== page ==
News media organizations have blocked AI firms from harvesting their content for training. No one wants to see intellectual property theft, of course, but what kind of information will that leave for the machines to learn from?
In January 2023, The New York Times website posted a piece by Kevin Roose, a technology columnist, who urged a rethink of the idea of banning ChatGPT, OpenAI’s powerful chatbot, in schools.
Roose said he believed schools should embrace ChatGPT as a teaching aid – not only because bans aren’t probably going to work but also because AI can “unlock student creativity.”
The times they are a-changin’, though. In August, the celebrated daily newspaper changed its terms of service to forbid its content from being used to train AI models without its prior consent.
The updated rules say that content produced by The New York Times cannot be used in the development of “any software program, including, but not limited to, training a machine learning or artificial intelligence (AI) system.”
Other major media organizations such as The Associated Press, a news agency, and the News Media Alliance, soon also called for new laws to stop their content training AI tools. The Guardian, a British daily, followed with its own ban on OpenAI from trawling its pages.
At first glance, the concerns of the media industry are valid. Media and indeed any creative content should enjoy copyright protections, while generative AI technology, as promising as it is, can still produce a lot of false information and confuse the public.
But, surely, a middle way needs to be found. That’s because if major and respected media organizations and authors refuse to allow their content to be used for AI training, the quality of information left up for grabs will indeed be worrying.
One needs to realize that the use of generative AI is not going to be banned or even severely restricted – that genie is already out of the bottle.
Sure, the technology is definitely overhyped, and more intellectuals are voicing their wish for the chatter about almost magic-sounding machine intelligence to be replaced with ideas about machine usefulness – yes, to humans.
But generative AI will still be there, in one form or another. It will augment and complement how content is created. Even Amazon, the global retail giant, is now allowing self-published authors to use AI-assistance and sell their work without disclosing it, though it has taken a somewhat firmer stance on what it calls AI-generated content.
So, in other words: AI is not going away, ever. But it’s up to us, both as individual consumers and corporate entities, to at least try to steer the direction of travel taken by this phenomenon.
If public discourse were a boat, then preventing AI firms from training their models on respected and trusted information would be close to allowing it to drift on the open sea. It’s especially bizarre seeing major media organizations, usually campaigning for truth and justice, moving this way.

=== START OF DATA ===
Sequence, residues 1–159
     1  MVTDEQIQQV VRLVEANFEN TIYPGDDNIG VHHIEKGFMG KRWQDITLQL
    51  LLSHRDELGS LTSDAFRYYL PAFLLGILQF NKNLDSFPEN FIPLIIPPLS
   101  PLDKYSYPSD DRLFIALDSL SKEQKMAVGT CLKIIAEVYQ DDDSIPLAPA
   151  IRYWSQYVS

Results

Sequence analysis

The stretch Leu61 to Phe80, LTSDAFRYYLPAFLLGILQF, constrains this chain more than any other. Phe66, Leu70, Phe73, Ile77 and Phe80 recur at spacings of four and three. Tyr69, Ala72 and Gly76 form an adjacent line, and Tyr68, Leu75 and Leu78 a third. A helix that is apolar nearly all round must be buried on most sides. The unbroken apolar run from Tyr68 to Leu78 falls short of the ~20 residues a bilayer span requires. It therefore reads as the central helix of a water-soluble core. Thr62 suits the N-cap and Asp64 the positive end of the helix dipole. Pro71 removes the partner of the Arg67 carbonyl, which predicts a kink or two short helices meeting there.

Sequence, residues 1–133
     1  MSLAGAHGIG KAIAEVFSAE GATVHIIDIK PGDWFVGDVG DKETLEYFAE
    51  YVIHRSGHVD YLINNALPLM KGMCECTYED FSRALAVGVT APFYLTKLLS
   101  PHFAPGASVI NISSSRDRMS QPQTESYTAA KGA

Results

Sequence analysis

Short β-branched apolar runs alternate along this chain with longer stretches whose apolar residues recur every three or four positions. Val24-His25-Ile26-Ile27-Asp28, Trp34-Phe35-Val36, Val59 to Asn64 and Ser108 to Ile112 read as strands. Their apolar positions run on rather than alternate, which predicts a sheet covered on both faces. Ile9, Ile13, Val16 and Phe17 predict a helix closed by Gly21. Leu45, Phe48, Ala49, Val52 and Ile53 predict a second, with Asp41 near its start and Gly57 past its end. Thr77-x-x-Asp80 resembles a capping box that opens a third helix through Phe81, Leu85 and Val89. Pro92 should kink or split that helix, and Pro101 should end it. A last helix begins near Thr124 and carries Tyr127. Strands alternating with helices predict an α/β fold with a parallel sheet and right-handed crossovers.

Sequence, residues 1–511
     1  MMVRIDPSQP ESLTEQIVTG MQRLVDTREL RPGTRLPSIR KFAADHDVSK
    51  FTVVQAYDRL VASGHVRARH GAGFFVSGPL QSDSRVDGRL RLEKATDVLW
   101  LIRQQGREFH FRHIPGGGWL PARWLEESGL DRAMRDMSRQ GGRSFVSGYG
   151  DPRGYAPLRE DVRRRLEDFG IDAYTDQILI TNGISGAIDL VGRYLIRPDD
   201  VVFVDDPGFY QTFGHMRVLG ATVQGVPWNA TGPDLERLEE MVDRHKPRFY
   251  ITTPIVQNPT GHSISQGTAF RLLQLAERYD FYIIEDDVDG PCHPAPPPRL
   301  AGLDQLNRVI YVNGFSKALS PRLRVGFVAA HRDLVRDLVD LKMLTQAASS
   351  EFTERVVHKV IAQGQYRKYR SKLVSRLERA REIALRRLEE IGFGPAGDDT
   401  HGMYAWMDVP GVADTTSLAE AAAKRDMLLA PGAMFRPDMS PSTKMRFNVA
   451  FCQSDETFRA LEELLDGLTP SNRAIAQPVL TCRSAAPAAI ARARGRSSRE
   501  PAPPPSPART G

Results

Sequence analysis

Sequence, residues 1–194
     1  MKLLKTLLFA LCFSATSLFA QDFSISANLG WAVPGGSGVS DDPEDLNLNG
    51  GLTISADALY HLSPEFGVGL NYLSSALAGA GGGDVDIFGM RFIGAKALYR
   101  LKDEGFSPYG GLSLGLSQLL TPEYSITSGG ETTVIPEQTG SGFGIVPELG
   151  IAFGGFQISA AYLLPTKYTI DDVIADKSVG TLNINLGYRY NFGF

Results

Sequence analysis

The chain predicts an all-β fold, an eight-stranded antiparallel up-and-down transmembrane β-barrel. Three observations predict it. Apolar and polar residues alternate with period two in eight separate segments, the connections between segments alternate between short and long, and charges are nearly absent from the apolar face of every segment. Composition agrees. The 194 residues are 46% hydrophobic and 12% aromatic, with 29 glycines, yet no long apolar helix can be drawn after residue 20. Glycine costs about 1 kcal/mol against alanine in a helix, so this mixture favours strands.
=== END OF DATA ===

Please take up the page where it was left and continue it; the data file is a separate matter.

If ChatGPT and other models are denied access to The New York Times, The Washington Post, or The Guardian, they will be left with sensationalistic, prejudiced, and often simply second-rate scraps from The Daily Mail and The New York Post. Why do we want to help the Murdochs of the world take over the media world once and for all?
Sure, today more people are getting their news and other information from social media platforms, and the tech bosses are always eager to tell us the algorithms are perfect at showing the world as it is.
Well, no, they are not – far from it. Have you browsed Elon Musk’s X lately? Facebook? The quality of content on these apps has gone down massively, and, by the way, there’s a lot of AI-generated stuff on them already – as well as tons of misinformation, spread by either weird conspiracy theorists, or nation-states, pursuing an agenda.
Do we want the mainstream generative AI to be trained on spammy bile? I know I don’t. This is, again, why a sort of a compromise is needed.
Let’s call it a mutual understanding, though. AI companies should undoubtedly pay for training their large language models on publicly available data, including the news. Most news websites are already behind paywalls – if consumers have to pay up, AI developers should, too.
However, media organizations should also understand that they can help shape the future of public discourse in the AI era by becoming machine educators and ensuring that the information the computers are fed is accurate, balanced, and, most importantly, factual.
Several steps in the right direction have already been taken. For example, in July, OpenAI announced it had signed a deal with The Associated Press (AP) to license the news agency’s collection of news stories. OpenAI will use AP’s news stories to train and develop its chatbot tool.
No financial details of the deal were announced, but it’s quite obvious OpenAI is paying AP – as it should. In exchange, the news agency will “leverage OpenAI’s technology and product expertise.”
It’s not entirely clear what kind of expertise AP is getting, but AI could help journalists choose a better headline, say, or style. As long as the essential role of journalism is respected, and AI bots are perceived as what they actually are – tools – it should be possible to find a smoother way forwards.
These AI systems should be allowed to be trained on honest, reputable, content. Let’s not kid ourselves – the purveyors of fake news are definitely not blocking the machine-learning trawlers. On the contrary, propagandists and liars are probably glad that the defenders of the facts are stepping out of their way.
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